Regina Rogers and Norma Simpson of the Julie Rogers “Gift of Life” program were making their rounds and stopped by commissioners’ court for a proclamation recognizing September as “National Ovarian Cancer Awareness Month” and” October as “National Breast Cancer Awareness Month.” They were joined by Orange County breast cancer survivor and “Gift of Life” volunteer, Beverly Perry.

Oct. 1 is recognized as Julie Rogers “Gift of Life” Day.

The Gift of Life has several upcoming events planned including “Lace Up and Save Lives” with Richard Simmons, celebrity guest and internationally recognized fitness expert. The second annual Julie Richardson Proctor 5K ribbon run/walk presented by Casa Ole’ and HEB is scheduled for Saturday, Sept. 29 in downtown Beaumont.

Registration is $35, students (21 and under) $10. Lunch and activities are included. Registration is at 7 a.m. Welcome and warm up with Richard Simmons will be at 7:30 a.m. The 5K start time is at 8 a.m. with Pink and Teal Plaza activities. Stayin’ Alive picnic in the Park with Richard Simmons is at 10 a.m. Yvonne Washington, the queen of rhythm and blues, will be back by popular demand.

There will also be a Men in Pink 5K ribbon run/walk at 10 a.m.

Saturday Night Fever featuring the Pointer Sisters will be Saturday, Oct. 27 at 7:30 p.m. Join them for dinner and disco at the Civic Center in downtown Beaumont.

BRA-vo! Applause for the Cause survivor project is scheduled for Thursday, Sept. 20 at the Art Museum of Southeast Texas. BRA-vo is an artful expression of breast cancer survivorship that shows support for early breast cancer detection with a “seriously uplifting” bra decorating experience. The exhibit will run from Sept. 20-Nov. 2 at the Art Museum of Southeast Texas.

BraMANia Men in Pink Debut will be Thursday, Sept. 20 at the Art Museum of Southeast Texas. They are manly men and they’re wearing bras for the cause. Support your local Men in Pink.

Save 20 percent at hundreds of Southeast Texas merchants with the Pink Shopping Card. The $50 shopping card is 100 percent tax-deductible and is good for shopping Thursday, Oct. 25 through Monday, Nov. 5.

The Julie Richardson Proctor Ovarian Cancer Educational Awareness Program started in remembrance of Julie Richardson Proctor a devoted Gift of Life board member and volunteer. It joins the “Gift of Life” mission of early detection of breast and prostate cancer.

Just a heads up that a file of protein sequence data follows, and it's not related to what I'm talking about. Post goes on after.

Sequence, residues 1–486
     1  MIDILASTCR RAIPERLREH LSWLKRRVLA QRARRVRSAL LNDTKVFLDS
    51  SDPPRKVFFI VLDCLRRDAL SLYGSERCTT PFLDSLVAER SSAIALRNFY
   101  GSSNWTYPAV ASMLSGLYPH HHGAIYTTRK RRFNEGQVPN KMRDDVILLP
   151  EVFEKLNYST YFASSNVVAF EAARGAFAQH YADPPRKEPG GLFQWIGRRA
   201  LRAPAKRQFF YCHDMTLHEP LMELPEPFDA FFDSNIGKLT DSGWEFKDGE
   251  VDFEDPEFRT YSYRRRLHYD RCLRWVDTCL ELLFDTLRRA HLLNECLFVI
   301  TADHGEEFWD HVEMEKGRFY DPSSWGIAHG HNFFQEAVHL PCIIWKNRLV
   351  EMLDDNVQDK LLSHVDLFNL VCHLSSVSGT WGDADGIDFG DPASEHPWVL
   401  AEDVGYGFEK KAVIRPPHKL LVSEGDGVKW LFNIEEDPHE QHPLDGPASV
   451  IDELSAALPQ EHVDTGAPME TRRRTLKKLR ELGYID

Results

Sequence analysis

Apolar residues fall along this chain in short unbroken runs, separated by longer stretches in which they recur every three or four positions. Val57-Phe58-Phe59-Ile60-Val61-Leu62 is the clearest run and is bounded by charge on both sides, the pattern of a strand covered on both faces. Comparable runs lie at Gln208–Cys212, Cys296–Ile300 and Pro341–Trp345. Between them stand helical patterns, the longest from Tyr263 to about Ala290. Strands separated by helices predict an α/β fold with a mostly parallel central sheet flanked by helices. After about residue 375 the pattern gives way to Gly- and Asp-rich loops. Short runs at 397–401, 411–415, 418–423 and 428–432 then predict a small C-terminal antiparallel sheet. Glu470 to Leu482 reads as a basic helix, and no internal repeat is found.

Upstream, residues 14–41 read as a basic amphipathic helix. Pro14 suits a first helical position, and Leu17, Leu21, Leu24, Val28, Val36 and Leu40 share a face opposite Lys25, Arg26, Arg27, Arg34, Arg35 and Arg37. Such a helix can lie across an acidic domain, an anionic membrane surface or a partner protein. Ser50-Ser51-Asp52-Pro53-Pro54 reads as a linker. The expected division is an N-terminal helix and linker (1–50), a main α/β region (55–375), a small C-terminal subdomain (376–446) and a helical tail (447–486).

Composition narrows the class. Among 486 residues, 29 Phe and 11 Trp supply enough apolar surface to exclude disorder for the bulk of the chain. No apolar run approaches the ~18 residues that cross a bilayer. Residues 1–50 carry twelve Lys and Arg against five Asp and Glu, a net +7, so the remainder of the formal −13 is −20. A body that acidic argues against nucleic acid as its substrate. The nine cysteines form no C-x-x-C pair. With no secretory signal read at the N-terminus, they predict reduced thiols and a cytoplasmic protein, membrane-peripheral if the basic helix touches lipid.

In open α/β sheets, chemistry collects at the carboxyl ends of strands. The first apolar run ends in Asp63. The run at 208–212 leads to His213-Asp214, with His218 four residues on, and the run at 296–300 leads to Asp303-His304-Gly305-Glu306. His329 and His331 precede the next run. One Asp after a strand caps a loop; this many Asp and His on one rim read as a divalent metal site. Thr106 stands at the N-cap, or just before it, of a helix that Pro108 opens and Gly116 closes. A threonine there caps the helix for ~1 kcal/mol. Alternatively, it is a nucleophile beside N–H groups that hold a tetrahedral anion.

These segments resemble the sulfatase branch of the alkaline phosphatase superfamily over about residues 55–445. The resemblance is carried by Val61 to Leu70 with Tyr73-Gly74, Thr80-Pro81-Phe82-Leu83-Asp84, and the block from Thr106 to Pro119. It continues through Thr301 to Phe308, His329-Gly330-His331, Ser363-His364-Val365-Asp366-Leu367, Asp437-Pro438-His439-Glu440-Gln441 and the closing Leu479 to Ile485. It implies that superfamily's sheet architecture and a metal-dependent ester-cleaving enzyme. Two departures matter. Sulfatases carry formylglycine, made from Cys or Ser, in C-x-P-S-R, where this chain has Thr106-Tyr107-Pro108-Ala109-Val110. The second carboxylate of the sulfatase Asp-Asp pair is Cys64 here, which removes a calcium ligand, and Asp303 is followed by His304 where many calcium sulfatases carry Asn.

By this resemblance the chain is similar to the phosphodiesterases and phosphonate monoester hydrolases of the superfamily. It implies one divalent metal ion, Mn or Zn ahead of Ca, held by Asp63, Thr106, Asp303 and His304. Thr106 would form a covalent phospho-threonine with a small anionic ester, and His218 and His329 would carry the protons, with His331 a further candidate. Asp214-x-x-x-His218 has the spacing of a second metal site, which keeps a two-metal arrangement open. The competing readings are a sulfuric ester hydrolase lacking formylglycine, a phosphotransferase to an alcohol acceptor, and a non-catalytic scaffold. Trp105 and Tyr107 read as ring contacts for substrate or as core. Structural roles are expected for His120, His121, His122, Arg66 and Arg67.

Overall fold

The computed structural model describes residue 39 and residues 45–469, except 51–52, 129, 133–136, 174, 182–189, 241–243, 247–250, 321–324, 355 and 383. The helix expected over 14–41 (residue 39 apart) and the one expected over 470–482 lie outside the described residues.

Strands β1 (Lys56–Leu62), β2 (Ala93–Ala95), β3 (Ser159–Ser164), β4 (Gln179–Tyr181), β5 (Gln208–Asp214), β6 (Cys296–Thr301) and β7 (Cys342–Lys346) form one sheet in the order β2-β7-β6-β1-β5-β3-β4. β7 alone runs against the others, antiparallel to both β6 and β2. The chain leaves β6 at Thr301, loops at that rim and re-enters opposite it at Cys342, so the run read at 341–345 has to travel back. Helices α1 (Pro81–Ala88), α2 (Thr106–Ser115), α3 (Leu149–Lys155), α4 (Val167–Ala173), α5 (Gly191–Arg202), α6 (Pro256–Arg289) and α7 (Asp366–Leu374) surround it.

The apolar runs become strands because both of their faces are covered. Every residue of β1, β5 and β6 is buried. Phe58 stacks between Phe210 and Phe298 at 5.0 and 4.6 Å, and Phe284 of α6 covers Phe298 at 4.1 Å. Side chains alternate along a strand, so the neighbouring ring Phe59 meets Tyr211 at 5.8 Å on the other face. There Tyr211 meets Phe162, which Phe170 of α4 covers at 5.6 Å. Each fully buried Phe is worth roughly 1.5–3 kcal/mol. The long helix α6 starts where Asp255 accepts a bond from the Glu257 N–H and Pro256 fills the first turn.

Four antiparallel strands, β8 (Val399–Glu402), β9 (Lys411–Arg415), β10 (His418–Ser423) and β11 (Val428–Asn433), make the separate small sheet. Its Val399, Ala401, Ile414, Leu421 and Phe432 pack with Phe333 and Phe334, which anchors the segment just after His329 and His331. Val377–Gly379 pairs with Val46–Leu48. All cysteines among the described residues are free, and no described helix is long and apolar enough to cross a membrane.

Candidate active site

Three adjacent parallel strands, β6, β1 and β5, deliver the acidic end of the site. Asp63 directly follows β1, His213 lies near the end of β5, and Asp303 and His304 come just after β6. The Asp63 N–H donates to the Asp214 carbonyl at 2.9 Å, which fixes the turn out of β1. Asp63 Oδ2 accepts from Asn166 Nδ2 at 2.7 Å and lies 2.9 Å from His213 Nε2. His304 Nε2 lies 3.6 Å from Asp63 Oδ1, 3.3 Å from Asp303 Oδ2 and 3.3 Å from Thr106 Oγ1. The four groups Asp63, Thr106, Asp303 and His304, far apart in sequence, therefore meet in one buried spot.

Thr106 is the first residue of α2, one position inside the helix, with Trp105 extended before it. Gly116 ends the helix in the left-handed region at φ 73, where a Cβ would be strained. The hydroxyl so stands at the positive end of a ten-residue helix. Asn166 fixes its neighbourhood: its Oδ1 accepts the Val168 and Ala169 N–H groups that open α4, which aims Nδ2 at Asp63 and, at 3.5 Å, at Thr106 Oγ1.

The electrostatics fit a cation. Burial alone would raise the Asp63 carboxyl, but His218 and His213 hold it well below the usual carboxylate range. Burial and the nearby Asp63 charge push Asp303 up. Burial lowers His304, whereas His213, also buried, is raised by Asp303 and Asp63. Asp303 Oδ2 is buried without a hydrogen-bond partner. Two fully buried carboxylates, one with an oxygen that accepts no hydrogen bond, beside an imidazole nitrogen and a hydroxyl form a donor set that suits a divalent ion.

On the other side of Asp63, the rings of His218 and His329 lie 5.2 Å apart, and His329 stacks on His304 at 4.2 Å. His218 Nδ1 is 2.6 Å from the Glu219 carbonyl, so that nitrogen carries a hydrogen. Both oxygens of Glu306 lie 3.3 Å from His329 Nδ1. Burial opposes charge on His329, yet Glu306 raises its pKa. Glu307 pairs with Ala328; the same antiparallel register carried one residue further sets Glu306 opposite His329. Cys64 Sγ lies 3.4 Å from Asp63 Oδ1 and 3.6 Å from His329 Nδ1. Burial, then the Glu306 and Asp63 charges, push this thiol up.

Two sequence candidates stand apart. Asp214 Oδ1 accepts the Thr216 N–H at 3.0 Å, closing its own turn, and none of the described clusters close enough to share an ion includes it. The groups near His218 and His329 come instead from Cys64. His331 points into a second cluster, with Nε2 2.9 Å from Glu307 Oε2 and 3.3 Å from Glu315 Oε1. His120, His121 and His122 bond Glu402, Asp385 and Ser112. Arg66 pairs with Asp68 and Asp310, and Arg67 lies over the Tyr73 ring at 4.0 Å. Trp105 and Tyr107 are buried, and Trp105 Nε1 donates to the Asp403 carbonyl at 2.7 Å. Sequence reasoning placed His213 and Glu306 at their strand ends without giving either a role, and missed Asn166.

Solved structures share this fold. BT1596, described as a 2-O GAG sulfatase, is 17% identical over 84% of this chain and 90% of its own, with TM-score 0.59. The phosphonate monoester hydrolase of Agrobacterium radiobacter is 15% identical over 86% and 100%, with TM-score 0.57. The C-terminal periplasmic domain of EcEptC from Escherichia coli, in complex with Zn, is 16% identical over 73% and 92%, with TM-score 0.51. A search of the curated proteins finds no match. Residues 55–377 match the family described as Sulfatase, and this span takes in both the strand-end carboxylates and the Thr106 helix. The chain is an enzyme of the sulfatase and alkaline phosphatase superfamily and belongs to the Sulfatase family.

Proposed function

Proctor lost her life to ovarian cancer in April of 2011 at the age of 51.

Considered a silent disease, ovarian cancer will this year affect more than 25,000 women, over half of whom will lose their lives.

When detected at an early stage the survival rate is over 90 percent. Unfortunately, most women aren’t diagnosed until they’ve reached the later stage, when the survival rate is only 25 percent.

While most women with ovarian cancer do not have any known risk factors, some do exist. Having one or more risk factors does not mean a woman will develop ovarian cancer; however, her risk for the disease does increase. Risk factors include:

-Family history of ovarian, breast or colorectal cancer

-A previous cancer diagnosis of the breast, colon, rectum or uterus

-Age: a woman’s highest risk for ovarian cancer begins in her mid-60s and increases through her 70s. Some are diagnosed earlier, but most at age 55 or older.

-Never has been pregnant, infertility, having a first child after age 30, starting menstruation before age 12 or experiencing menopause after age 50.

-Hormone replacement therapy for menopause

-Having an eastern European (Ashkenazi) Jewish background

Symptoms of ovarian cancer may include the following: abdominal or pelvis pain; frequency and/or urgency of urination; abdominal swelling and/or pain; bloating and/or a feeling of fullness; increased abdominal size; and pain down her legs.

Ovarian cancer should be considered in women who have symptoms for more than 12 days every month. If you notice changes that are not normal and could be the sign of ovarian cancer, especially if symptoms last more than two or three weeks, see your physician.

The Pap smear does not detect ovarian cancer. It only detects cervical cancer.

Pictured: Beverly Perry and Regina Rogers accept a proclamation at commissioners’ court naming September as National Ovarian Cancer Awareness Month and October as National Breast Cancer Awareness Month. Pictured left to right: Front row- Beverly Perry and Regina Rogers. Second Row- Commissioners David Dubose and Owen Burton, Judge Carl Thibodeaux and Commissioner John Dubose. Not pictured-Commissioner Jody Crump and Norma Simpson. RECORD PHOTO: Penny LeLeux.

About Penny LeLeux

Penny has worked at The Record Newspapers since 2006. A member of the editorial staff, she has "done everything but print it." Most frequently she writes entertainment reviews and human interest stories, with a little paranormal thrown in from time to time.She has been a lifelong member of the Orangefield community.